Start Stories about dating violence

Stories about dating violence

“I started to kind of question why I couldn’t have guy friends or why he always needed to know what I was doing and it would turn into little verbal abusive spats and then it got physical.” KCBS’ Jeffrey Schaub Reports: Her life changed forever one night, at a party.

The boy ultimately entered a rehab program but didn’t serve any time for the assault.

She found that her friends actually alienated her – she believes because the boy was such a popular athlete on campus. She has since landed on the staff at a university in Southern California, where she lectures about teen dating abuse. “There are so many different kinds of abusive relationships that are going on out there and I just hope that my speaking out is going to help people realize and maybe part of my story clicked with you or your daughter.” National Teen Dating Abuse Helpline: 1-866-331-9474.

Out of the blue, she recounted, they crossed paths in a bedroom and things turned violent.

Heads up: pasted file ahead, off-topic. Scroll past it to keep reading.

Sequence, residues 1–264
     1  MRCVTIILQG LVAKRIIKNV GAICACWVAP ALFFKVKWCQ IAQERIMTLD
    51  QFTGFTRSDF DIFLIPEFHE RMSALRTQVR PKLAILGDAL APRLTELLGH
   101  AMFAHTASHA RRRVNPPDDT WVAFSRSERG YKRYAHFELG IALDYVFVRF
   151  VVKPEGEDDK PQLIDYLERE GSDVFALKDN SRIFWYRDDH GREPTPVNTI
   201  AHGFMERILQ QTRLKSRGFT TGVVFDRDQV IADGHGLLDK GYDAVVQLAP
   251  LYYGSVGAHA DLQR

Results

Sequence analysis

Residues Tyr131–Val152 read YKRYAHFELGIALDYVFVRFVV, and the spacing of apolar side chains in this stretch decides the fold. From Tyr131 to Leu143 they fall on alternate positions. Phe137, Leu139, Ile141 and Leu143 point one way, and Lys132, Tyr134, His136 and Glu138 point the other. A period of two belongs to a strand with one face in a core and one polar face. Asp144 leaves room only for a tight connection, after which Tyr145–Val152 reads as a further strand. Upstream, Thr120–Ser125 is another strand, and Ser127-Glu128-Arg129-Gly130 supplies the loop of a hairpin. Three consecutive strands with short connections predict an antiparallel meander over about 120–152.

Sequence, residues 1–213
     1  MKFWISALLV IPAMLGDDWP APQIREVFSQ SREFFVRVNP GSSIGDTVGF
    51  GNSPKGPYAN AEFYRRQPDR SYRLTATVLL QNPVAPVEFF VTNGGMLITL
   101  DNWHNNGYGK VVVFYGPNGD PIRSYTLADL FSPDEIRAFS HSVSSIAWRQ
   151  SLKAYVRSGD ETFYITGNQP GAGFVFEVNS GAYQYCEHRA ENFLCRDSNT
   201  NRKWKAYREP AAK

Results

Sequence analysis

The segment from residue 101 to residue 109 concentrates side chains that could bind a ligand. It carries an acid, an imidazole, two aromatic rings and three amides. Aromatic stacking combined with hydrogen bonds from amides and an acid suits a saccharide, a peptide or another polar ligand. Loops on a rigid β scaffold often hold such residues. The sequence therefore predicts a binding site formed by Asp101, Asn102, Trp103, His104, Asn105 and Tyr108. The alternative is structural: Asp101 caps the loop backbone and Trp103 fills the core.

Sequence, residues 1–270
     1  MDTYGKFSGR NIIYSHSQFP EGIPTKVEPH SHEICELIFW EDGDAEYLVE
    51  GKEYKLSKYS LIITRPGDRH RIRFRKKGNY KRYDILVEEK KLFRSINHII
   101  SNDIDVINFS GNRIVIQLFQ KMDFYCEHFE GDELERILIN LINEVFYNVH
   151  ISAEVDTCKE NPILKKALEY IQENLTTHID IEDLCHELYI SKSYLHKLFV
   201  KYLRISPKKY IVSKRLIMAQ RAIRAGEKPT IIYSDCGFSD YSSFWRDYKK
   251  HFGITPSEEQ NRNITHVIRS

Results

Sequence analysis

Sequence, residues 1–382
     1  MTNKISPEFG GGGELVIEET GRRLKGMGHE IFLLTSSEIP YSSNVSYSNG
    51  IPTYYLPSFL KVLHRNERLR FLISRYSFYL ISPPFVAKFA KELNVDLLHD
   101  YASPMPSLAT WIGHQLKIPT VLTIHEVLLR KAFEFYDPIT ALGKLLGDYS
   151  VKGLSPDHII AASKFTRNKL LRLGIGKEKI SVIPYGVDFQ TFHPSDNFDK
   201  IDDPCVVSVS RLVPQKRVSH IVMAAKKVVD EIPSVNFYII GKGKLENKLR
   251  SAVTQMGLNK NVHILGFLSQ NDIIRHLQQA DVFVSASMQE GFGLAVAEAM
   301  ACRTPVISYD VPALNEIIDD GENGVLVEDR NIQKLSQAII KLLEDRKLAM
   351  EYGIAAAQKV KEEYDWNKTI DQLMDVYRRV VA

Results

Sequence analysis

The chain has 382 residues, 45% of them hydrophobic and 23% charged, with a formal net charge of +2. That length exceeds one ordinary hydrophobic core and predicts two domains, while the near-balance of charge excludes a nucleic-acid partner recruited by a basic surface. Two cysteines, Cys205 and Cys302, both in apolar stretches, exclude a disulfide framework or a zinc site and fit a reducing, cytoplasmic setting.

“He gave me this look and lifted his leg up and swung it at me, hit me right in the ribs, I flew across the room and hit my head on the wall, was knocked unconscious for six hours, woke up with two bruised ribs and a concussion,” she said.

"Yesterday I received a text message from a man dated last summer who was much older than me who ended up being violent with me.

He asked me a simple question that made me realize the full [extent] with which he looked at me as nothing more than meat," Grace wrote on Instagram.

“It was perfect, you know started as a relationship that you see in the movies,” she recalled.

That quickly changed, with the boyfriend not wanting her to hang out with her friends or to participate in any extracurricular activities. He even started to drive a wedge between the girl and her parents.

I wore contacts that looked like this to play dead in a movie once," she continued.

Beyond the physical effects, she had to miss a friend's goodbye party because she felt too upset, and didn't even want to put this information online — but then decided she didn't want to hide.

Boys and girls who have been victims of dating violence are more likely to get into fights, carry a weapon, use alcohol, use marijuana or cocaine and have sex with multiple partners the study says.